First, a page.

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Lethbridge Herald Newspaper Archives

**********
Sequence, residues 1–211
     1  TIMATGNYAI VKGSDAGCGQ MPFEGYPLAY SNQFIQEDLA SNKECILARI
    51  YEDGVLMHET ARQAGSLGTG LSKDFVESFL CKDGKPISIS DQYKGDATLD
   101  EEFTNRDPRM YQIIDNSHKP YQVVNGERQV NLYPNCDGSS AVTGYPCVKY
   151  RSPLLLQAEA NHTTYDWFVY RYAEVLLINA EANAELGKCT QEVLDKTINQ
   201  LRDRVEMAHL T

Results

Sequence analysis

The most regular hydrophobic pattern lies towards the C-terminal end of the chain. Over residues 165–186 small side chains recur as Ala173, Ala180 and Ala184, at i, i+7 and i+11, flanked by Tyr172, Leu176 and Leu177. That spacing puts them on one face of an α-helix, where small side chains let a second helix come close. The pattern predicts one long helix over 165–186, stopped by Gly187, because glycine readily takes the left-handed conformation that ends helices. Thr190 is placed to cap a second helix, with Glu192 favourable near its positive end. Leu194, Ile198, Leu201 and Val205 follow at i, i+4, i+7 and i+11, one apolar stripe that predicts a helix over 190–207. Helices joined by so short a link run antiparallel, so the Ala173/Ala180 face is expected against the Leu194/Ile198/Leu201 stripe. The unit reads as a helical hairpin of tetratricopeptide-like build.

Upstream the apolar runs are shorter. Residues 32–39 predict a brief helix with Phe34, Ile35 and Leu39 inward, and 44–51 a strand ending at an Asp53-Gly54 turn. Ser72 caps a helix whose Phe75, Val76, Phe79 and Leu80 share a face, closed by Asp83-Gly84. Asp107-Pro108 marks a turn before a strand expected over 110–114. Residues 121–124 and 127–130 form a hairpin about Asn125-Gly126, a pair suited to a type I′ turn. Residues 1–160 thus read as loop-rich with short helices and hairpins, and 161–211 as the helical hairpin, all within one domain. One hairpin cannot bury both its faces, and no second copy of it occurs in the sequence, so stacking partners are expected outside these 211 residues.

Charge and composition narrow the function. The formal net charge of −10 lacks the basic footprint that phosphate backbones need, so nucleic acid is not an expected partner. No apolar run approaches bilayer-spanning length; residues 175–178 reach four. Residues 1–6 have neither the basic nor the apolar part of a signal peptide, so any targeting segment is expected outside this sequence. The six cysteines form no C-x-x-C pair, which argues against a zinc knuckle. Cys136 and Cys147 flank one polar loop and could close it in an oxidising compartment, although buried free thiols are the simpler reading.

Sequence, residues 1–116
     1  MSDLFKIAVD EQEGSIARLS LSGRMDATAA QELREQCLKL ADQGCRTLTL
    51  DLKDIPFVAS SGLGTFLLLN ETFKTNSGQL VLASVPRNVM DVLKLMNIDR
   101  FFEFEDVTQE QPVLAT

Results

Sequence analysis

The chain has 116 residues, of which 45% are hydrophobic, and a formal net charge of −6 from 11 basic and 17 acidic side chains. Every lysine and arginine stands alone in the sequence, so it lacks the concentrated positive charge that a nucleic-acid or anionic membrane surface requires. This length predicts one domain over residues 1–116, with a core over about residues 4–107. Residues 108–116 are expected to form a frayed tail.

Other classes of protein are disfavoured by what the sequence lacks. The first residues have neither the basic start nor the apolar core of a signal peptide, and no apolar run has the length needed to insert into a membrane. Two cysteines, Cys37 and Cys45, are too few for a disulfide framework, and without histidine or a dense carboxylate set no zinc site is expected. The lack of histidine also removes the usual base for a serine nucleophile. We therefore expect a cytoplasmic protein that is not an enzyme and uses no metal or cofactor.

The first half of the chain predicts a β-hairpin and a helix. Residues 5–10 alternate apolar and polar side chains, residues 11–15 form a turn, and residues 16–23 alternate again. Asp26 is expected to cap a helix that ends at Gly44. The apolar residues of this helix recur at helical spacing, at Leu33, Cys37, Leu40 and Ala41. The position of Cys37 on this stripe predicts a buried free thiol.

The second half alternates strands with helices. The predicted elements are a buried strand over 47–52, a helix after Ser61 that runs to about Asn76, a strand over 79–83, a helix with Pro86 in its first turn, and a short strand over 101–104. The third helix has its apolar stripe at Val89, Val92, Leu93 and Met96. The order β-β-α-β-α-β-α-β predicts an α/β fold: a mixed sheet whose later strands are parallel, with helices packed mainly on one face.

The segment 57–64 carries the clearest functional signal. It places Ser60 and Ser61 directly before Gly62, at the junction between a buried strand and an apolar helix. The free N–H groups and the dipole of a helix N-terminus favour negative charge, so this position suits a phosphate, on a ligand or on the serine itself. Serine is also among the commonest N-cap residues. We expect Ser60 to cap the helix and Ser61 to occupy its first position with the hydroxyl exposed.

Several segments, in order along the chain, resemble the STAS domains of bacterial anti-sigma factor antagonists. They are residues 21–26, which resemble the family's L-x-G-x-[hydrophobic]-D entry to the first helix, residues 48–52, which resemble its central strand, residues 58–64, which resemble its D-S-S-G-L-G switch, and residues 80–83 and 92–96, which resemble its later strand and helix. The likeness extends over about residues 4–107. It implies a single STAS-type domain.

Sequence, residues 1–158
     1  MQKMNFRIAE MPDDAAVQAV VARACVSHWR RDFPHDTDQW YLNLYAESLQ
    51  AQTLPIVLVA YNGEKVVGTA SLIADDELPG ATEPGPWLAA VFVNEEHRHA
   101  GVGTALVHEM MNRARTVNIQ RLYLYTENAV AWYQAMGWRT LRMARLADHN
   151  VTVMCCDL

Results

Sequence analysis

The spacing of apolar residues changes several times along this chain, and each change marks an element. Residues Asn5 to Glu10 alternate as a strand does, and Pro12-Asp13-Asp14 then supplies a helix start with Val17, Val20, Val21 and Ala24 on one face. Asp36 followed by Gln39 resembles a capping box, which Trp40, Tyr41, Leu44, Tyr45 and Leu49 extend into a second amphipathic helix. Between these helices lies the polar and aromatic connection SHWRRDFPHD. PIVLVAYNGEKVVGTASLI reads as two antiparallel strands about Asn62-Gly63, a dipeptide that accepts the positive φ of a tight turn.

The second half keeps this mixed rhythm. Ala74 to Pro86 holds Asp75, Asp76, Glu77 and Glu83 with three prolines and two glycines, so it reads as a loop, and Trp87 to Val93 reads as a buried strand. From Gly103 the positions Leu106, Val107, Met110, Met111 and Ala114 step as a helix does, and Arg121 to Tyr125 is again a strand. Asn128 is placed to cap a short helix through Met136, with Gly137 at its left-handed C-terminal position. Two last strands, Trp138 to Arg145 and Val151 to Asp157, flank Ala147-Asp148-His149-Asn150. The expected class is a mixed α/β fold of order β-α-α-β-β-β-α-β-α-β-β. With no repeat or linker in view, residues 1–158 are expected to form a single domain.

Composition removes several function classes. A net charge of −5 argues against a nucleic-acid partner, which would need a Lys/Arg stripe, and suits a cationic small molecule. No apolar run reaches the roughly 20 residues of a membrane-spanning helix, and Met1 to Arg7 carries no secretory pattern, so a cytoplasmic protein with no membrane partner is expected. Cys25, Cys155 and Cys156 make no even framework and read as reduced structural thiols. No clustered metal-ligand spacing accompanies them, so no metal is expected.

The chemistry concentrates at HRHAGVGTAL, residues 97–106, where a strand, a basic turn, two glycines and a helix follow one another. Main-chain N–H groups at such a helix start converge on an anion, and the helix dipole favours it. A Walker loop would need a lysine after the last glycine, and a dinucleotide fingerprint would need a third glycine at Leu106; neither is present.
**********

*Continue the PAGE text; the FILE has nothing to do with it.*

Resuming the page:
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Lethbridge Herald, The (Newspaper) - March 21, 1974, Lethbridge, Alberta Thursday, 21, THE LETHBRIPQE HERALD 3 Boy was sure he would die EDMONTON (CP) Less than two weeks ago, Tommy Tompkins, 16, was sure he would die and asked his brother to say goodbye to his parents for him. It wasn't a case of unreasonable pessimism on his part. The youth had been speared by a yard- long two-by-four which jammed through his shoulder and protruded from bis back. But it missed his vital organs, including the main heart artery, by inches and doctors at University Hospital now say he is recovering at a remarkable pace. The High Prairie youth was working at a mill in Enilda, 170 miles northwest of Edmonton, when the accident occurred March 7. The operator of a combination saw and planer, Tommy said a board running through the machine which he was operating jammed. He was trying to dislodge it TOMMY TOMPKINS with another piece of lumber when one of the boards broke, shooting backwards. Doctors credit his cool and collected attitude following the injury and after surgery with saving his life and leading to swift recovery. GENERAL FARM Presents The Weather SUNRISE FRIDAY SUNSET H L Pre Lethbridge...... 35 19 Pincher Creek 32 15 Medicine Hat 35 20 Edmonton 26 16 Grande Prairie.. 32 20 .08 Banff........... 30 21 Calgary......... 34 14 .02 Victoria 52 32 Penticton....... 51 28 Prince George 41 25 Kamlopps....... 46 28 Vancouver...... 50 34 Saskatoon....... 16 -4 .03 Regina 16 -9 FORECAST: Lethbridge, Medicine Hat Mostly cloudy today with snowflurries this morning, becoming intermittent this afternoon. .Winds becoming north 15-25 this afternoon giving occasional heavy drifting. Highs 25-30. Lows 5- 10. Friday, mostly cloudy, highs 10-15. Calgary Cloudy with occasional snowflurries today. Winds becoming north 20-45 by noon giving occasional heavy drifting and blowing snow until evening. Highs near 25. Lows zero-five above. Friday, sunny periods, highs 5-10. Columbia, Kpotenay Sunny with occasional cloudy periods today. Mostly sunny Friday. Highs both days 40 to 45. Lows tonight 15 to 25. MONTANA East of Continental Divide Scattered snow today. Turning colder with snow and strong northerly winds in the north late this afternoon spreading into the south during the night. Blowing and drifting causing near blizzard conditions some areas tonight. Friday wind and snow ending. Continued cold. Highs today 35 to 45. Lows tonight 5 to 15. Highs Friday mostly 20s. West of Continental Divide Scattered snow showers mostly mountain areas today and Friday. Gusty northeasterly winds in the Flathead Valley tonight. Cooler Friday. Highs today 35 to 45. Lows tonight 10 to 20. Highs Friday 30 to 40. BRILLION GRASS SEEDER The grass seeder that puts the seed at the right depth for the beet germination AVAILABLE NOW AT.. GENERAL FARM SUPPIES Coutts Highway Box 1202 Phone 328-1141 AMA ROAD REPORT as of 8 a.m. March 21, 1974. Highway 3 east. Lethbridge to Medicine Hat. mainly bare and dry with occasional slippery sections through towns. Highway 3 west. Lethbridge to Fort Macleod and B.C. Boundary, bare and dry with occasional slippery sections in the sheltered and shaded areas. Highway 4. Lethbridge to Coutts. bare and dry. Highway 5. Lethbridge to Cardston and Waterton. bare and dry. Highway 6. Pincher Creek to Waterton. bare and dry. Highway 2 north. Fort Macleod to Calgary, bare and dry Calgary to Olds. mainly bare. Olds to Ponoka. travel lanes generally clear. There are some very icy patches with visibility reduced when passing due to snow on passing lanes. Ponoka to Edmonton, presently snowing with 1" new snow. Driving lanes partially snow covered with slippery sections and sections of packed snow. Highway 2 south. Fort Macleod to Cardston and Carway. bare and dry throughout. Highway 23. Junction Highway 3 to Vulcan and High River, mostly bare with occasional slippery sections. Highway 36, Taber to Brooks, bare and dry with some patches of packed snow. Highway 1 Trans-Canada east. Calgary to Medicine Hat and Swift Current, presently snowing with poor visibility and there are slippery sections. Highway 1 Trans-Canada west Calgary to Banff, bare and dry. Banff to Golden. 1" new snow. Plowing and sanding in progress. Golden to Revelstoke. 5MT new snow with plowing and sanding in progress. Banff-Radium Highway, snowing with 'V new snow and some slippery sections. Plowing and sanding in progress. Banff-Jasper Highway has had 2" of new snow with some drifting Plowing and sanding in progress. Ports of entry: Times in Mountain Standard Time opening and closing times: Carway 8 a.m. to 5 p.m.; Chief Mountain closed; Coutts open 24 hours; Del Bonita 8 a.m. to 5 p.m.; Kingsgate open 24 hours; PorUiill-Rykerts 7a.m. until II p.m.. Wild Horse7a.m. to 4 p.m.; Rooseville7a.m. to 11 p.m. Logan Pass. (Canada Customs boars moved one boar earlier Jan. 6 when Montana went on daylight Liberal ridings get more By IAIN HUNTER Herald Ottawa Bureau OTTAWA Liberal ridings received nearly twice as much as Conservative ridings in Local Initiative Plan funds in 1972-73. Urban Affairs Minis- ter Ron Basford's Vancouver Centre rid- ing received more than any other represented by a cabinet minister. Manpower Minister Bob An- dras disclosed Wednesday in a written answer to questions from Tom Cossitt that Liberal constituencies received a total million under the 1972- 73 LIP program, while Tory constituencies received a total million. In the 1972 election 109 Liberals and 107 Conservatives were elected, so that the two parties had almost equal representation during the fiscl year concerned. Of the million which was allocated to constituencies represented by Liberal cabinet ministers, Basford's riding received more than million. Other cabinet ridings with large LIP grants during the period were Cape Breton Highlands-Canso. N.S. (Privy Council President Allan million; Westmount, Que. (Treasury Board President Bud million; Restigouche, N.B. (Public Works Minister Jean-Eudes million; Saint Maurice, Que. (Indian Affairs Minister Jean million; Langelier. Que. (Transport Minister Jean million: Rosedale, Ont. (Energy Minister Donald million, and Burin-Burgeo. Nfld. (Regional Economic Ex- pansion Minister Don Jamie- million. Prime Minister Pierre Trudeau's constituency. Mount Royal. Que.. received The lowest amount allocated to a riding represented by a cabinet minister was which went to Hamilton East, Ont.. which is represented by Labor Minister John Munro. Capilano. B.C. (Envir- onment Minister Jack Davis) received Doctor says aspirin besl for arthritis TORONTO is the backbone of arthritis treatment, but it is difficult to persuade patients it is of any use. a symposium on arthritis treatment was told Wednesday, pr Fletcher D. Baragar. director of the rheumatic disease unit at the University of Manitoba in Winnipeg, said aspirin is the safest and most effective drug against arthritic inflammation, but patients generally will take a potentially more harmful drag to relieve pain in belief as- pirin does no good. U.S. charges Canada HURRY-HURRY violated agreements By BRUCE LEVETT WASHINGTON (CP) The United States, charging that Canada violated international trade agreements, is seeking compensation in negotiations under way here and in Ottawa. Robert McConnell, a trade policy specialist in the U.S. agriculture department, said Wednesday the violations de- pressed the price of beef in the U.S. and forced up the price of cherries to the consumer in Canada. A decision on the cherry issue is expected out of Ottawa before the end of this month, he said, with resolution of the beef situation expected "at any time now." The U.S. says Canada con- travened Section 19 of the General Agreement on Tariffs and Trade (GATT) when it imposed tariff surcharges of six cents a pound on beef and three cents a pound on live cattle last November. Following a U.S. protest, the surcharges were removed and later Canadian farmers and ranchers were granted a federal subsidy of seven cents a pound on top grades of beef. The protest on cherry pricing came after Ottawa placed a "value-for-duty" surcharge on that product, setting a minimum price under which sweet cherries could cross the border into Canada. The surcharge on cherries also was later rescinded. DOUBLED SURCHARGE McConnell said that when Canada imposed the beef sur- from the normal Canadian tariff of three cents on beef and 1.5 cents on live prices in Kansas City were depressed." "The drop in price was al- most identical to the amount of the he said. "It looked like a direct reaction." McConnell said, however, that "it would be hard to say whether there was a direct relationship." As for sweet, cherries, "the harvest in the U.S. was large last year." "There was also a large har- vest in British Columbia. The Canadian government, after a plea by B.C. cherry producers to the effect that imports were driving their prices down, placed a value-for-duty surcharge. "This established a minimum value under which cherries could enter Canada and all shipments of U.S. cherries were raised to that value." Consultations between officers of the U.S. embassy in Ottawa and Canadian government officials began last July and continued through the fall, resuming again this year. "The consultation stage is McConnell said. "It's in the decision process now. The Canadian government has the situation under review in Ottawa." GATT, the agreement under which most world trade is regulated, provides for com- pensation where a country can establish that its provisions have been violated by the ac- tions of another country. "We feel that a duty, once established, should be McConnell said. "We are asking compensation in the same degree that Canada raised the tariffs." He declined to state how much the U.S. is seeking, say- ing it would be up to the Cana- dian government to specify the amounts. Negotiations had gone on basically in Ottawa, he said; with the U.S. presenting its proposals, then giving the Canadians an opportunity to study them and present counter arguments. "At no time did we seek punitive compensation." McConnell said. "We never have done that over the years. Ours is not that type of operation." In Ottawa, a finance depart- ment officials said that before taking action such as imposing surcharges, Canada is obliged under GATT to consult with its foreign suppliers, "which is what we're doing." "We think we're within our GATT rights to take action like this." Asked about Mr. McConnell's statement that the cherry and beef issues are expected to be resolved shortly, the Canadian official said- "That's his view. I have no comment on that at all." LAST THREE DAYS 10th ANNUAL GREATEST SHOW ON WHEELS 161974FIAMC AUTOMOBILES LEFT MATADOR '74 INSURANCE LIABILITY BONDS AUTO FIRE ROSSITER AGENCIES LTD. Established 1911 Lower Floor 517 4th S. 387-1541 WflTCHWG flUTOFIK Loafing listlessly around the house? Are you tired of staying home night after night with nothing to do? Give youself a break today! Get in on some fun! Learn to dance away boredom! Meet some new, interesting people. Go to their parties make some fun! YOURSELF A BREAK 5 Lessons are just 329-0955 Monte Cristo Dance Academy 426 13th Street North Voted Car of the Year For 1974 Show Discounts 1974 Cars at 73 Prices Make us an offer BUYER PROTECTION If anything goes wrong with your car and it's our fault we'll FIX IT FOR FREE For only you receive 2-FuIl years guarantee or THE TOUGHEST FOUR LETTER WORD ON WHEELS KNIGHT AND SQUIRE DOUBLE WIDE z DAY Friday and Saturday SALE! (March 22nd and 23rd) BIG BURGER SHAKE SALE! 0 only Big Burger packs a Ib. of beef into a jumbo toasted sesame seed bun, and you get our Regular Milk Shake with choice of flavors. Treat the whole family and save! Dairy Queen brazier UKS. A OMTlY, X R.VWLSCW...JUST I RKTTJ01GHT? I "You Have to See it to Believe it" EVERYTHING MUST GO DEAL NOW 'LET'S ALL 60 TO DAIRY NORTH STORE ONLY 516 13th Strewt North Phone 327-4855 Reg U S Pat Am O Q Corp. 1973 Am D Q. BONUS CAN INCLUDE COLOR TV FREE LIVING ROOM SUITE 1 YEAR'S FREE RENT For in Town Purchases Be Sure to Attend CAPITOL FURNITURE AND CARPETS CARNIVAL OF VALUES GREATEST SHOW AND SALE IN HISTORY OF SOUTHWEST By rORS CO. LTD. AND UNITED MOBILE (AND DEVELOPMENT CO. LTD.) "Serving Southern Alberta for over a Quarter of a Century11 Open daily both Pavilions 9-9 p.m., Thursday and Friday till 10 p.m. ;